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Seems like there are two technical issues here let alone the legality of reverse engineering the data which is presumably protected by some form of contract.

The technical issues are; decrypting the traffic and dissecting the data protocol.

Assuming the connection uses TLS, which is easily determined using Wireshark, the first might be done using some form of MITM proxy but that does depend on the client co-operating with a certificate that isn't issued by the data vendor. If proxying doesn't work then it's much tougher as you need to extract the pre-master secret from the client and this depends on many things including the TLS library used by the client. If TLS isn't used, then you have a tough task working out what encryption is used and how to decrypt the traffic.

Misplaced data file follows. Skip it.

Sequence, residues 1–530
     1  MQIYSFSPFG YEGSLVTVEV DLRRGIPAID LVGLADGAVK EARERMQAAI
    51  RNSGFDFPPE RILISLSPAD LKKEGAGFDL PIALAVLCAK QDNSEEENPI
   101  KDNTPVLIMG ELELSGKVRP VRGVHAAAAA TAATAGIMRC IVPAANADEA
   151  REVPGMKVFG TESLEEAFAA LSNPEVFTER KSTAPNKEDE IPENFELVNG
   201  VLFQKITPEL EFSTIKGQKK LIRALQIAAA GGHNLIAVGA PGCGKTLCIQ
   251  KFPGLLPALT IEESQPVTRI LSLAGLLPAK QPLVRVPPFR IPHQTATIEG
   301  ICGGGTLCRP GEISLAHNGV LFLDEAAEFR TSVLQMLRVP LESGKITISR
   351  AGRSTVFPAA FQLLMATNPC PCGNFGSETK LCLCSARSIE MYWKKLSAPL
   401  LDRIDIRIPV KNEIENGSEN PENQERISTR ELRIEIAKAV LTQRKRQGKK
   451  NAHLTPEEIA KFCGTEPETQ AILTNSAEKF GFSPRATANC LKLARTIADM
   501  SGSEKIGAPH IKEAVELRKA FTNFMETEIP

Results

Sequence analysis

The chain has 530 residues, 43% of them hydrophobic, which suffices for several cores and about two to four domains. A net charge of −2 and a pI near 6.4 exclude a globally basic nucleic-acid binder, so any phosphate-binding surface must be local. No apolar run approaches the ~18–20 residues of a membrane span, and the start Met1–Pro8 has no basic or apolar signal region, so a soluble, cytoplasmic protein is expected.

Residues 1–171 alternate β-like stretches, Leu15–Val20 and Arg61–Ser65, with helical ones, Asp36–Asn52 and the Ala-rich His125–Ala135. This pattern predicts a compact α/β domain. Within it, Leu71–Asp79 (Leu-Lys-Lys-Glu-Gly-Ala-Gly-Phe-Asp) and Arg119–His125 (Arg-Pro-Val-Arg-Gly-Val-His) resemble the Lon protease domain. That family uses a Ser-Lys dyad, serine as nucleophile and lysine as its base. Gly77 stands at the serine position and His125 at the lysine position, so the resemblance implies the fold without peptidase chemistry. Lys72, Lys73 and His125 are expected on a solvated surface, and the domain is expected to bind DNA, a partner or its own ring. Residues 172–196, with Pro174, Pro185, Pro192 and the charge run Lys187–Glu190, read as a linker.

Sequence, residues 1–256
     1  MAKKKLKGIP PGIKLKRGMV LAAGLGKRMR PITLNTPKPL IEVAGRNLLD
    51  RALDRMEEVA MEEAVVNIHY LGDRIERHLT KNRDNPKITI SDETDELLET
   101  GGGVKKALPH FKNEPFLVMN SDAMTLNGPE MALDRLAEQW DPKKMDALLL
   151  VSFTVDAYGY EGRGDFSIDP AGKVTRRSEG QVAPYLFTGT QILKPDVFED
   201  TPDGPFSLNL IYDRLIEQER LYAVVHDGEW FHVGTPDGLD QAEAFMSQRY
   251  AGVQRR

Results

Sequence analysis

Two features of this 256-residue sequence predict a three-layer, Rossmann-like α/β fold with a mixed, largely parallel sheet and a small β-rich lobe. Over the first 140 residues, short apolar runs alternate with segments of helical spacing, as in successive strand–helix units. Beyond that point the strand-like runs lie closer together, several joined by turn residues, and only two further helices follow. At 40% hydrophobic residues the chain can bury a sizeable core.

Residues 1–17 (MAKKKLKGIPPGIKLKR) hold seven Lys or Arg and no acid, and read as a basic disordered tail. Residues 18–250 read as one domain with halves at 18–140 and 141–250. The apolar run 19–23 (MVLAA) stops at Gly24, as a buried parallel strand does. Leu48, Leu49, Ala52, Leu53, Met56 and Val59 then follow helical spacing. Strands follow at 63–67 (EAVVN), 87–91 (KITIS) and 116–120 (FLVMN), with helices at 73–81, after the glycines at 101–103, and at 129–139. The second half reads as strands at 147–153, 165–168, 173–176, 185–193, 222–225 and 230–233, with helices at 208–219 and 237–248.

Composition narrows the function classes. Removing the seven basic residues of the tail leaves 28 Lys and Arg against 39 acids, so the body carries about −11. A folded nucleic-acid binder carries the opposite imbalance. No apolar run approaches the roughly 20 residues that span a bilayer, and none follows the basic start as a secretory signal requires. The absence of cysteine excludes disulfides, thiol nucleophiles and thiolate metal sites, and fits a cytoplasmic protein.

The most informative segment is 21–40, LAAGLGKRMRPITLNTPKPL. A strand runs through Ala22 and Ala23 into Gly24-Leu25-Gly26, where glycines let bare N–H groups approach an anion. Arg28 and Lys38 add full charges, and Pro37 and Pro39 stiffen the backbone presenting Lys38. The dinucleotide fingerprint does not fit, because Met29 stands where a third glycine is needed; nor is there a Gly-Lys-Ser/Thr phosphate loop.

If the decryption issue can be overcome and the keying material provided to Wireshark, then the raw traffic data will be visible. You might be lucky and it actually uses a protocol already dissected by Wireshark, if not then it will be plain data as a series of hex bytes. A custom Wireshark dissector could then be used as the protocol is reverse engineered, but again the reverse engineering may be a tough task depending on the complexity.